Is Cloud Computing a Lunch Break Creation?
There have been allegations that “cloud computing” is just a marketing term, with the underlying principles and technologies having long existed. Personally speaking, while I do believe that a lot of cloud computing as it exists today did exist before Ramnath Chellappa used the term in a 1997 lecture (See: A History of Cloud Computing), there’s a lot that is different from earlier grid computing and utility computing paradigms (See: Cloud Computing vs Utility Computing vs Grid Computing: Sorting The Differences). Therefore, it may come as a surprise that a recent report cited the term as the brainchild of an Amazon employee with no technological basis whatsoever.
However, a closer inspection of the date of publication – April 1 – reveals the nature of the report (See: Cloud Computing Revealed as a Hoax). Long-time readers of this blog are no strangers to the April Fools’ Day article, having been subjected to one written by me last year Cloud Computing without the Internet – Is It Possible?).
In the article, Amazon junior marketing associate on the Kindle team Shawna Bogan is quoted as having coined the term during a lunch break. “We were all just sitting around in the break room, trying to figure out how to explain that all of Amazon’s Kindle titles were stored on a PC under my desk. I suddenly realized that, since no one would actually see my PC, the files could be anywhere – even up in the sky. People must think all this stuff is stored securely on massive servers somewhere. I think it’s time people knew the truth. I’m sure this is the same way all these new companies are doing it, too,” she is quoted as saying.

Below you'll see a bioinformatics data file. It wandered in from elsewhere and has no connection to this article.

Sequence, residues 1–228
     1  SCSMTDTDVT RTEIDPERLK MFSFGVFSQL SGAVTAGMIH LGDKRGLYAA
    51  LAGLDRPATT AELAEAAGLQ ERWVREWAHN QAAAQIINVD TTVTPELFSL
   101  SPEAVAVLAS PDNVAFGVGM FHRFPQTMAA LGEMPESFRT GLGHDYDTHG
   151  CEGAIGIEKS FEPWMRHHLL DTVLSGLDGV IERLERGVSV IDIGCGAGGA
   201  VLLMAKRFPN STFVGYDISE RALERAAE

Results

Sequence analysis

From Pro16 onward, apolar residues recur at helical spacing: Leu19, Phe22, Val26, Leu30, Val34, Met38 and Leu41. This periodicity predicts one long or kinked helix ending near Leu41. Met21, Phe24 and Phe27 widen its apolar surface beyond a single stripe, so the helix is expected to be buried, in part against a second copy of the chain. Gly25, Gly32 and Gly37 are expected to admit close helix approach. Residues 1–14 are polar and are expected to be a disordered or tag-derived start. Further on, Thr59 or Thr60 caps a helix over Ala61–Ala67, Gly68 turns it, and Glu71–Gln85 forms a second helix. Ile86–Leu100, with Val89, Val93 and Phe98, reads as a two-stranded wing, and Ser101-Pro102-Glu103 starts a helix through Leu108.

The report then goes on to say that different cloud computing companies have “to buying into the hoax and propagating it with their own offerings.” Some industry leaders, both fictional and real, are quoted. “We knew we could never afford to compete if we took the time and expense to actually construct real, massive data centers. And why bother when we could do it all with in-house hard drives? But we thought we were the only ones doing it that way. I’m not sure how I feel to learn that we hadn’t really found a loophole after all,” Beezil Shoshugani of RackSaaS is quoted as saying. Needless to say, both “RackSaaS” and “Beezil Shoshugani” are figments of the authors’ imaginations, although the allusion to Rackspace is evident.
Perhaps the most humorous comment is attributed to the very real and non-imaginary Steve Ballmer, CEO of Microsoft. “I knew it! I knew it! The whole idea was stupid from the start! First they get me dancing around in YouTube videos like a giant sweating monkey, and now this,” he is quoted as saying. The YouTube reference is clearly related to this (See: Steve Ballmer going crazy). You should read the article in its entirety and see if you can come up with more cultural references.
Amidst all the seriousness in our lives, it’s nice to have the occasional touch of humor. At CloudTweaks, we aim to do just that with David Fletcher’s inimitable Lighter Side of the Cloud series).
By Sourya Biswas
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